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Multiple Myeloma

Multiple myeloma is a cancer that begins in the plasma cells of the body. Plasma cells are white blood cells which reside in the bone marrow, generate antibodies, and help fight infections. Researchers do not know the cause of multiple myeloma but are making progress in understanding how plasma cells become cancerous. When myeloma develops, the cells can create tumors called plasmacytomas. A single plasma cell tumor is called solitary or isolated plasmacytoma. When the cancerous plasma cells are widespread throughout the bone marrow, the disease is called multiple myeloma. The prognosis for multiple myeloma can vary between individuals and has recently improved substantially with new medications, CAR-T therapy, and stem cell transplant techniques.

Statistics

  • In the United States, one in 132 people will be diagnosed with multiple myeloma.
  • In 2022, there were approximately 34,470 new cases of multiple myeloma expected to be diagnosed in the United States. Approximately 12,640 deaths were expected from the disease.
  • In Texas, approximately 2,487 people were expected to be diagnosed with multiple myeloma in 2022, and an estimated 1,005 deaths were expected from the disease.

Risk Factors

Doctors do not know how to prevent multiple myeloma. However, there are several factors that may increase risk:

  • Age: Multiple myeloma is more likely to be diagnosed in people 65 and older.
  • Gender: More men than women are diagnosed with the disease. In 2021, approximately 3,700 more men than women were expected to be diagnosed with multiple myeloma.
  • Race: African Americans are more than two times as likely to be diagnosed with the disease than Caucasians.
  • Family history: People with immediate family members who have had multiple myeloma are more likely to develop the disease.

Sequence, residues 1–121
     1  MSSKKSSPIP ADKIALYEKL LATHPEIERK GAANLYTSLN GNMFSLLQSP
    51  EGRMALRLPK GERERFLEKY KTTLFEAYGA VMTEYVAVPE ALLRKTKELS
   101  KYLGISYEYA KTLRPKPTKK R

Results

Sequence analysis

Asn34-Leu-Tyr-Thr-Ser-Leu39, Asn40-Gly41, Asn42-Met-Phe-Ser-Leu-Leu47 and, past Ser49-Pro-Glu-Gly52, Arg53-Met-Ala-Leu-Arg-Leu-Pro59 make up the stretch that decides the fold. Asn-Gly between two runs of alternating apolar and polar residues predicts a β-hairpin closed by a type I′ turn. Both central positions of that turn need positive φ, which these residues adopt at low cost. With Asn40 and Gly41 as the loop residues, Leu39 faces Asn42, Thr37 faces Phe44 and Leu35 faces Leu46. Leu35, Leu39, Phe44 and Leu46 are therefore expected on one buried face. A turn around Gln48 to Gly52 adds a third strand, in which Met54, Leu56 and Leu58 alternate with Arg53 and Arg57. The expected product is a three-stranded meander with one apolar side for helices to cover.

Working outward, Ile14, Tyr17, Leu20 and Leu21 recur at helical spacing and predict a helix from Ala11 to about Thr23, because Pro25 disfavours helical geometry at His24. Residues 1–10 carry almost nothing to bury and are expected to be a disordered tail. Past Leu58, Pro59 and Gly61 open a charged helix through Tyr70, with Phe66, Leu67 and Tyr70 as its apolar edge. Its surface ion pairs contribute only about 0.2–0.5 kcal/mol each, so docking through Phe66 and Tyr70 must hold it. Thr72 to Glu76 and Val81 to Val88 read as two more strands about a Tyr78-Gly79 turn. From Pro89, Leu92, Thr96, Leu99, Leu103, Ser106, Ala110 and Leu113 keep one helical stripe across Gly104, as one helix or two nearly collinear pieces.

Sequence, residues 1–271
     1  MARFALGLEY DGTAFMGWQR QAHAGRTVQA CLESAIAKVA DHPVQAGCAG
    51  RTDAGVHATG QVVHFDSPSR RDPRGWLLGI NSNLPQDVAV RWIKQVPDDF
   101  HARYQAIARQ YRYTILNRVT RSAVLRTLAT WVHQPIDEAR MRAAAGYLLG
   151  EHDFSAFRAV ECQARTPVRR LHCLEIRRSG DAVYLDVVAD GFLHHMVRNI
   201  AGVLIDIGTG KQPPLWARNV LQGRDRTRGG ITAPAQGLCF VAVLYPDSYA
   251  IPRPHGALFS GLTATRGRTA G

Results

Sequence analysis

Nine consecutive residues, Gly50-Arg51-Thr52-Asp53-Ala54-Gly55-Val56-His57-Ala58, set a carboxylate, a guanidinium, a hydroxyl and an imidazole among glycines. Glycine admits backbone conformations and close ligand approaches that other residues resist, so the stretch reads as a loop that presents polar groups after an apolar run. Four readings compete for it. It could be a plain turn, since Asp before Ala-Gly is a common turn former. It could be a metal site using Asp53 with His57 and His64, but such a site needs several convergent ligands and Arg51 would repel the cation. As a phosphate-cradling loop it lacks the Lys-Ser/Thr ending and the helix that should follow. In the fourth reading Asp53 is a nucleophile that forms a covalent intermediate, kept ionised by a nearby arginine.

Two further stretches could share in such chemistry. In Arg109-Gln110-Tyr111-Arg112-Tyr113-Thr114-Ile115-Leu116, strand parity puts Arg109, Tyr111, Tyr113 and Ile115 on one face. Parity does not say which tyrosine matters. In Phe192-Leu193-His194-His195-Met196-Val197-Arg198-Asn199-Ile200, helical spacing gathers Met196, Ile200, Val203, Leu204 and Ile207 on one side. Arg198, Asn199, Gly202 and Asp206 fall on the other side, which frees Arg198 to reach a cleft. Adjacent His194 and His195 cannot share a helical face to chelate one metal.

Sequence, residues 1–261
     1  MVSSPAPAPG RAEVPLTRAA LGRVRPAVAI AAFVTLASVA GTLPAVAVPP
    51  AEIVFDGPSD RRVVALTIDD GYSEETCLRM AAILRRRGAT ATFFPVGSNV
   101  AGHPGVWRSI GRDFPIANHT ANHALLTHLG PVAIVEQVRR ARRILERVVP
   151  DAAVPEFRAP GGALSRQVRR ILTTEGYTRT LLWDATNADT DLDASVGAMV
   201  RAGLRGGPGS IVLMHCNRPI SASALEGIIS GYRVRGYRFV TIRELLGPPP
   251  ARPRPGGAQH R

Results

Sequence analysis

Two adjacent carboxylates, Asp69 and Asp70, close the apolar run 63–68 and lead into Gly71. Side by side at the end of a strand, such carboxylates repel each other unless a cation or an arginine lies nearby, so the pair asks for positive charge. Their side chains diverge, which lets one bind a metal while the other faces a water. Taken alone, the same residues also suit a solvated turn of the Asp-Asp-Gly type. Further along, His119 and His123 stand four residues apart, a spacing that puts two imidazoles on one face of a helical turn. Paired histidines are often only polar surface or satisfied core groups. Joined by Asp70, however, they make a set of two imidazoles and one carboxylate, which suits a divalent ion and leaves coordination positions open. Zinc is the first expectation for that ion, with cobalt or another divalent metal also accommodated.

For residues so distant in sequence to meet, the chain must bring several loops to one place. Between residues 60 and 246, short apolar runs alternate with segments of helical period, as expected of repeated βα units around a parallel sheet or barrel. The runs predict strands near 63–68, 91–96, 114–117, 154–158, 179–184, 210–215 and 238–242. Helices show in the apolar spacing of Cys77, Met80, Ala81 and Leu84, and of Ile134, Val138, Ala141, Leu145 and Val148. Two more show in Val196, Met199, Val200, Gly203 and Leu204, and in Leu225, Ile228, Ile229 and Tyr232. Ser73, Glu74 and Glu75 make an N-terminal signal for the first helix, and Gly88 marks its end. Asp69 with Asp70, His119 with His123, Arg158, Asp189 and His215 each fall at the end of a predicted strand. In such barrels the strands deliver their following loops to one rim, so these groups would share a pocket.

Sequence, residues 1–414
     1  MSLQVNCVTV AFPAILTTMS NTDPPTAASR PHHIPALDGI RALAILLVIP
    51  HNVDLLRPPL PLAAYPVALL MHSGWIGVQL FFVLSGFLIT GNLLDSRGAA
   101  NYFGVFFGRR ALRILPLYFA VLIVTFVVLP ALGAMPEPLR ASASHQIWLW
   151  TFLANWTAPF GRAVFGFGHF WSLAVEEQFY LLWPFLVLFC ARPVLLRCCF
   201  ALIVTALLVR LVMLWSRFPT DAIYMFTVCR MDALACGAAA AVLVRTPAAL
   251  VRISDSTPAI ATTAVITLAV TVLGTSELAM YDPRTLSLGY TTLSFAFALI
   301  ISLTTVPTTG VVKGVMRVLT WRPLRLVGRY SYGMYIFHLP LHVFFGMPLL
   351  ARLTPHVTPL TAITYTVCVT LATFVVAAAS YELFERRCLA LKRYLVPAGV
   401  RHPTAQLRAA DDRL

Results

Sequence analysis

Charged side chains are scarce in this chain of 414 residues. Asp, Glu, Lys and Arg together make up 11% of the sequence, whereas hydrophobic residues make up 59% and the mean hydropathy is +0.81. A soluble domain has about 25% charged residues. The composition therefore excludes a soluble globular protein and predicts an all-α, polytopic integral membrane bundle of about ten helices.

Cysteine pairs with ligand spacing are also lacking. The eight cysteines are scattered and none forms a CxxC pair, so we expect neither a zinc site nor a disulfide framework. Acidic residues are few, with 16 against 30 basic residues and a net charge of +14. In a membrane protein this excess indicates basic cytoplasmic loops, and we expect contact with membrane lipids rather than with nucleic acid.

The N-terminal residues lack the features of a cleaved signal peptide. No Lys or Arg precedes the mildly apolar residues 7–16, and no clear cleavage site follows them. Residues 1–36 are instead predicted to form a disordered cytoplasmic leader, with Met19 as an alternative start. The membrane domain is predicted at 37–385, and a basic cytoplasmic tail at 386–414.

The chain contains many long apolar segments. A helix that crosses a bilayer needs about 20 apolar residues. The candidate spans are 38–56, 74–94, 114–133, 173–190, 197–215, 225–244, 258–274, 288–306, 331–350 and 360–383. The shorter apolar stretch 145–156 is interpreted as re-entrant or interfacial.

• Other conditions: Having solitary plasmacytoma or monoclonal gammopathy of undetermined significance (MGUS), a condition in which plasma cells make too many copies of the same antibody, increases risk of developing multiple myeloma. Those diagnosed with other plasma cell diseases may later develop multiple myeloma. Obesity and exposure to radiation also raise risk.

Symptoms

Patients in the early stages of multiple myeloma do not always show symptoms or their symptoms may resemble those of other diseases. Common symptoms include:

  • Bone pain, often located in the ribs, hips, skull, or back
  • Weak or easily broken bones
  • Persistent thirst or dehydration
  • Unexplained weight loss or loss of appetite
  • Abdominal pain
  • Shortage of red blood cells (anemia), white blood cells (leukopenia), or platelets (thrombocytopenia)
  • Weakness on one side of body, slurred speech
  • Hyperviscosity (thickening of the blood)
  • Muscle weakness, dizziness, drowsiness, confusion, restlessness, or fatigue
  • Nausea or vomiting
  • Frequent urination
  • Impaired kidney function or kidney failure
  • Frequent infections
  • Constipation
  • Numbness or tingling in extremities
  • Easily bruising or bleeding
  • Unexplained fever
  • Breathing trouble

Treatment

Treatment options for multiple myeloma vary depending upon the type, severity, and stage of the disease, as well as the health, age, lifestyle, and quality of life goals of the patient. Anyone with multiple myeloma should consult a medical oncologist and/or hematologist about treatment. Care teams for multiple myeloma patients may also include a radiation oncologist, orthopedic surgeon, or bone marrow transplant specialist. Options can include surgery, chemotherapy, targeted therapies, immunotherapy, other drug therapy, radiation therapy, bisphosphonate therapy to reduce fracture risk, plasmapheresis, stem cell transplants, watchful waiting, and palliative medicine.

Sources: American Cancer Society, American Society of Clinical Oncology, Multiple Myeloma Research Foundation, National Cancer Institute, and Texas Cancer Registry


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